Thousands of smaller schools ‘financially not viable’

Girl walking to school

Thousands of smaller primaries and secondaries in England are becoming financially unviable, heads say.

The Association of School and College Leaders (ASCL) says one-form entry primaries and secondaries with 600 pupils or fewer will “fall off a cliff” financially unless new funds are found.

The government says it has been protecting school budgets.

Independent experts say they face real-terms cuts of 8% to cover cost rises in pension, pay and national insurance.

The Institute of Fiscal Studies says having been insulated from real-terms cuts over the last Parliament, schools are likely to feel the pinch more over the current Parliament, with spending per pupil set to fall.

‘Big issue’

A one-form entry primary has about 210 pupils, 65 fewer than the average-sized primary school.

Some 20% of primaries (3,478) in England have fewer than 200 pupils, and 30% (5,037) have fewer than 300 pupils.

The average-sized 11-to-16 secondary has about 970 pupils, while a three-form secondary has about 450 pupils and a four-form primary has about 600.

Malcolm Trobe, interim general secretary of the ASCL, told the BBC: “At some smaller schools, the funding will become such that they would not be able to support their teaching infrastructure.

“They will not be financially viable.

“One-form entry primary schools, and three- to four-form entry secondary schools, are going to find it extremely difficult, especially in low-funded education authorities.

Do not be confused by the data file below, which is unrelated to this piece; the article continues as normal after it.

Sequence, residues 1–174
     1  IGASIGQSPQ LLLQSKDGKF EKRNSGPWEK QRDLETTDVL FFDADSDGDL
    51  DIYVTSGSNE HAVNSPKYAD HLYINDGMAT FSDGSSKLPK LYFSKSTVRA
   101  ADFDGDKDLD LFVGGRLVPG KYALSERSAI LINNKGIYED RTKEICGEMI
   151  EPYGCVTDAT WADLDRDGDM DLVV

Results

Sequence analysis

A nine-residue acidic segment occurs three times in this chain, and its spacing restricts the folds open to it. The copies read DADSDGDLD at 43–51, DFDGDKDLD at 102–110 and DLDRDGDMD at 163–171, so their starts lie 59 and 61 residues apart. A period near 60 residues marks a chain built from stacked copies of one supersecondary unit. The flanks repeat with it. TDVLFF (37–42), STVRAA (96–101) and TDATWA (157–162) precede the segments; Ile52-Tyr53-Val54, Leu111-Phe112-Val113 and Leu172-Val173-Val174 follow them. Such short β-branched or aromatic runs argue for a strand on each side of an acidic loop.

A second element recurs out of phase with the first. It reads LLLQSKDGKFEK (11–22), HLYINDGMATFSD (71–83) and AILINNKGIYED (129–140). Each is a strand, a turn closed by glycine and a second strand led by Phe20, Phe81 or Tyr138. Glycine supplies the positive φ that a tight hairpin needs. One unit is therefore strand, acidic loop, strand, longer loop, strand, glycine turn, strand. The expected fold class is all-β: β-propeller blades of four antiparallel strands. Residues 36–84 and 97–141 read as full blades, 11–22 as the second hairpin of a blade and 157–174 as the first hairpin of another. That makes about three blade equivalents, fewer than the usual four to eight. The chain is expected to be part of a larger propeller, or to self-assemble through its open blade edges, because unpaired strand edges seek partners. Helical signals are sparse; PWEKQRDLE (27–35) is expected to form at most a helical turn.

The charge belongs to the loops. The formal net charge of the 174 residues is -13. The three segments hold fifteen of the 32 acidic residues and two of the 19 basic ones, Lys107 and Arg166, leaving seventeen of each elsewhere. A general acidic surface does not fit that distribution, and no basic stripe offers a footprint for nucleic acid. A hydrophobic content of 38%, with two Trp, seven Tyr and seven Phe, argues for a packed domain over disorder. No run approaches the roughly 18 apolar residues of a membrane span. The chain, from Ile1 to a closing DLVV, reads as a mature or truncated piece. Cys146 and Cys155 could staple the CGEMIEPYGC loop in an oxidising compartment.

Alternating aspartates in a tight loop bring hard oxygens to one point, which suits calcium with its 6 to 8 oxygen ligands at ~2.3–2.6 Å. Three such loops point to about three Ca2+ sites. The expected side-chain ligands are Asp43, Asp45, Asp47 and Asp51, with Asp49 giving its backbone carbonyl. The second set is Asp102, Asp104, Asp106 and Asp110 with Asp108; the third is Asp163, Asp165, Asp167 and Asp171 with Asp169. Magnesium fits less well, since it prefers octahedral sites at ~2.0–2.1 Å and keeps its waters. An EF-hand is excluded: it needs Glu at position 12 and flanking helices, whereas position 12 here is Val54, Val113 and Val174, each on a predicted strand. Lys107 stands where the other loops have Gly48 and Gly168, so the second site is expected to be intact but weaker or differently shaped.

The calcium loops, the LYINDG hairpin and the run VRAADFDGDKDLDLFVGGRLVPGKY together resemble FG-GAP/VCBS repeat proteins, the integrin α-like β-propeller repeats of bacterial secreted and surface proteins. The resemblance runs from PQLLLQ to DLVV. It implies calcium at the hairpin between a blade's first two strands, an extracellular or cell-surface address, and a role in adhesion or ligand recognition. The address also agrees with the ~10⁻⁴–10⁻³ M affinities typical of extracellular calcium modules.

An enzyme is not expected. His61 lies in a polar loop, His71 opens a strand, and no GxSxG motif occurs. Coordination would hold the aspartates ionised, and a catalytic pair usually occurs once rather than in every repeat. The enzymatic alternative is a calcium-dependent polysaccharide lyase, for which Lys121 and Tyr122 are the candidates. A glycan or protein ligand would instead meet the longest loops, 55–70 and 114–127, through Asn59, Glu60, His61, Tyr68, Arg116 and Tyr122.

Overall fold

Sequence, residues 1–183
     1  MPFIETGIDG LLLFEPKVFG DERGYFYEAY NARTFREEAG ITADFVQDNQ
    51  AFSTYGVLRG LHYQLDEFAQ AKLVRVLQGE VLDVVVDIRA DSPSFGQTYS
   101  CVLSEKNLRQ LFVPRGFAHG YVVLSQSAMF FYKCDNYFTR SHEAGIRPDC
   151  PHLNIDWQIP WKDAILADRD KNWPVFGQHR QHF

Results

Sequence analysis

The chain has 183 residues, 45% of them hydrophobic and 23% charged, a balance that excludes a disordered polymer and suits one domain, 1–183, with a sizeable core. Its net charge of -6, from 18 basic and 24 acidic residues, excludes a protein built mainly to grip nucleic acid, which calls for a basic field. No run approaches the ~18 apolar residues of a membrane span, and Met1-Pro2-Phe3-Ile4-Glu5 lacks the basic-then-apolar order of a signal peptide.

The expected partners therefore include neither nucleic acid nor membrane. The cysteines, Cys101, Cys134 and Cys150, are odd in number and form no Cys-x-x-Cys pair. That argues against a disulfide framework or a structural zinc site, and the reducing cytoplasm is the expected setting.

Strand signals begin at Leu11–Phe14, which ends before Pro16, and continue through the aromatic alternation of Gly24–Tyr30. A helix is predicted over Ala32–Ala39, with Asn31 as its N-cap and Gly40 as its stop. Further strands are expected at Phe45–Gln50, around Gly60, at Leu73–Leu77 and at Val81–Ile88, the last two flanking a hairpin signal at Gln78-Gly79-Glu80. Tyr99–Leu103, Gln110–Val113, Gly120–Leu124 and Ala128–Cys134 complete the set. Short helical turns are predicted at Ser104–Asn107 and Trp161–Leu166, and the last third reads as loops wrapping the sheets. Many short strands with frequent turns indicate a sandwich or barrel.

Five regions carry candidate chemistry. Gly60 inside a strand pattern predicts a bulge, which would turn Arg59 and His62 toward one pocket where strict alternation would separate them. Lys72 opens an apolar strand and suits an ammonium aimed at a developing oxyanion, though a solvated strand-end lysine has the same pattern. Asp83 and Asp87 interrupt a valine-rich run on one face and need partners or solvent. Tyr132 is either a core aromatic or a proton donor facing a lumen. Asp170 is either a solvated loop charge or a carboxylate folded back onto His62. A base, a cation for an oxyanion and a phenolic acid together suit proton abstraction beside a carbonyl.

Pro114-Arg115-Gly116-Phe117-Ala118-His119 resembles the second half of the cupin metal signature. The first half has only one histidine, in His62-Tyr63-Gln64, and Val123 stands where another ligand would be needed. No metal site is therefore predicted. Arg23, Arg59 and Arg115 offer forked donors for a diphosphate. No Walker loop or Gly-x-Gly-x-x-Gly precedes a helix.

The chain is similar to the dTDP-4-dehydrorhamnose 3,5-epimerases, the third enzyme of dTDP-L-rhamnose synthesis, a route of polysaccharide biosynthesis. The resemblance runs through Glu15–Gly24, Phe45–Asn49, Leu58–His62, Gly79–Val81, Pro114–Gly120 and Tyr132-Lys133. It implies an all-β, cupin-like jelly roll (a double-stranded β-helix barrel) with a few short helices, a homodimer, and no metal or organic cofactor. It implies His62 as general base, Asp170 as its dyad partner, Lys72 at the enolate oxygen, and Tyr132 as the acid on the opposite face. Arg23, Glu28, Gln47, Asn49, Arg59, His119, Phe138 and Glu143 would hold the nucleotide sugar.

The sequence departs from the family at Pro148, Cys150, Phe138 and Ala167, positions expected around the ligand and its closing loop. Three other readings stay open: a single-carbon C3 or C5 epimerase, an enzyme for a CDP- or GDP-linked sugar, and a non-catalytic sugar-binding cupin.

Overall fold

“This size of school is quite common, and they are under real threat.

“They are going to find it extremely difficult to provide a full curriculum and maintain the support staff infrastructure needed to run the school.

“It’s all down to the cost pressures that have come home to roost – the unfunded pay rises, national insurance costs and pension contributions.”

‘Historic unfairness’

He said with continuing delays to the publication of the long-awaited new national funding formula for England’s schools, due now to be introduced in 2018, were really struggling.

Education is devolved in Wales, Scotland and Northern Ireland, so the national governments deal with the funding of their own schools.

And some areas have greater numbers of smaller schools than others. In Oxfordhsire, nearly 40% of primary schools have fewer than 200 pupils, for example.

“The big, big issue is because [the Department for Education] is not doing anything until 2018, they really need to do something for schools who are going to fall off a cliff financially or run into a wall in 2017,” said Mr Trobe.

He suggested schools might find solutions to their funding issues by sharing specialist teachers with a group of neighbouring schools.

Alternatively, they might choose to share some of their support services with other schools.

The Department for Education said: “In reality the schools budget has been protected and in 2016-17 totals over £40bn, the highest ever on record.

“The government’s fairer funding proposals will ensure that areas with the highest need attract the most funding and end the historic unfairness in the system.”

[Source:- BBC]